The first public meeting in which the city Department of Environmental Protection addressed the Long-Term Control Plan for the combined sewer overflow issues at Flushing Creek took place at PS 20 in Flushing on June 11, with nearly as many presenters, about a half dozen, as audience members in attendance.
Either the problems at the creek, which is located in the northern part of central Queens and discharges into Flushing Bay and ultimately into the East River, hold little interest to the general public or the meeting was not sufficiently publicized.
Led by Shane Ojar, the DEP’s director, Community Partnerships Bureau of Communications & Intergovernmental Affairs, the team provided an overview of the LTCP process, indicating that the plan is due to be submitted to the state Department of Environmental Conservation by the year’s end.
At stake is the improvement of the water quality in the creek, with the DEP seeking to evaluate solutions to reduce the combined sewer overflow, or CSO, into the water.
A CSO results when combined sanitary and storm flows, which surge during heavy rain and snow storms, exceed twice the design capacity of treatment plants, leading to a mix of excess storm water and untreated waste water into the waterways.
Such an event is of concern because of the CSO’s potential effect on water quality and recreational uses in waterways.
Water quality standards at Flushing Creek are classified, by the DEC, as falling in class I. Best usage of class I waters are secondary contact recreation and fishing, allowing for boating, but not swimming.
Over the last century, urban modifications have led to the filling and paving of many parts of the creek, its tributaries and their wetlands, according to the DEP, which reports that it has started to evaluate improvements to reduce CSO impact on water quality within the water.
According to the agency, it has committed more than $399 million to reduce pollution and improve the water conditions in the creek.
Water quality improvement projects include the completed storage tank, green infrastructure on streets, sidewalks and city-owned property, as well as enhancements to allow more flow to the Tallman Island Waste Water Treatment Plant in College Point.
In March, 2012, the DEC and the DEP signed an agreement to reduce CSOs by using a hybrid green and grey approach.
Representing the DEP, Lily Lee addressed the grey infrastructure projects, with traditional practices such as retention tanks, pipes and sewers. She indicated that they include the $349 million Flushing Creek CSO Retention Facility, which became operational in May 2007 and reduces CSOs to the creek by approximately 56 percent, from over 1,900 million gallons to less than 850 million gallons per year, and helps to reduce flooding in streets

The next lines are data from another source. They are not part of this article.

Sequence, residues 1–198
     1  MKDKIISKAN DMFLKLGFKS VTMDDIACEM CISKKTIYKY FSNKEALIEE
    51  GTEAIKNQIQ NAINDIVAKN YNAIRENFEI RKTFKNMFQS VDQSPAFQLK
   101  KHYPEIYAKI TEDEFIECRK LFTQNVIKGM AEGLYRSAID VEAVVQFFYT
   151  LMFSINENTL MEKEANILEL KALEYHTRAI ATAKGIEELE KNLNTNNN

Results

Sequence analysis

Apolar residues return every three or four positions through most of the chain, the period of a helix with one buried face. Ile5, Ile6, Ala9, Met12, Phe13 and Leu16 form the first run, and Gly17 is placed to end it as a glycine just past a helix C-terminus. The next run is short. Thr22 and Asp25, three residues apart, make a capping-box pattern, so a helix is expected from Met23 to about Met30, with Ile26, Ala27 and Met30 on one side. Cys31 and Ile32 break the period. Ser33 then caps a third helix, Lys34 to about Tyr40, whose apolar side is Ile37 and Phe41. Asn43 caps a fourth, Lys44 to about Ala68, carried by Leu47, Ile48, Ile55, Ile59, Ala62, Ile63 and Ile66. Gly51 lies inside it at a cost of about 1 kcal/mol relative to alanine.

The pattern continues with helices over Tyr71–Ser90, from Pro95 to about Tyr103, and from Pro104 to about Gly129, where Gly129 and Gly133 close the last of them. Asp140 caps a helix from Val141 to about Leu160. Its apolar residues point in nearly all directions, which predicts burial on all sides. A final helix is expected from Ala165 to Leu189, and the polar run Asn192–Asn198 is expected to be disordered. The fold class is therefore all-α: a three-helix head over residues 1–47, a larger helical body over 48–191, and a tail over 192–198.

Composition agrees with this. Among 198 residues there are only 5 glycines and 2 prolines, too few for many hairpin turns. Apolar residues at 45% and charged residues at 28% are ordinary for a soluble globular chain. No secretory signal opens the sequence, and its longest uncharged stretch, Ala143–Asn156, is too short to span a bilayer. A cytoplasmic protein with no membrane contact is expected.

But the project took nearly 15 years to complete and is located on a parcel of land in Flushing Meadows Park at College Point Boulevard and Fowler Avenue. A soccer field sits atop the buried tank.
Lee said the agency expects an additional $30 million of upgrades to increase flow to Tallman Island to start by late summer.
A report indicates that by 2030, the DEP is planning $2.4 billion in public and private funding for targeted green infrastructure installations to manage stormwater on hard city surfaces such as concrete.
The green infrastructure approach was reported by the DEP’s Mikelle Adgate, to include permeable pavers, four bioswales in College Point, a green roof at New York Hospital Queens and a rain garden at Queens College.
Further projects are planned to include a rain garden and swales at Flushing Town Hall and a rain garden and synthetic turf field at JHS 185.
In attendance at the meeting was marine biologist James Cervino, an affiliate of the Woods Hole Oceanographic Institution and environmental chairman of Community Board 7, who is calling on the department to “find the real estate” for another retention tank, which would help “prevent harmful algal blooms and pathogenic bacteria from choking the coastline.”
Alexandra Rosa, representing Friends of Flushing Creek, a self-described group of stakeholders and environmentalists, said, “We want to clean up Flushing Creek and return it to community use. We want to have it meet water quality standards so people can use it for recreational purposes.
“We want to see less planning and more action,” Rosa added.
She is the former chief of staff for past Borough Presidents Claire Shulman and Helen Marshall.
CB 7 District Manager Marilyn Bitterman, who attended the meeting, said on Tuesday that it appeared the DEP was looking for ideas to clean up the creek, but that not a lot of people seemed to know about the session.
A second public meeting is scheduled for October.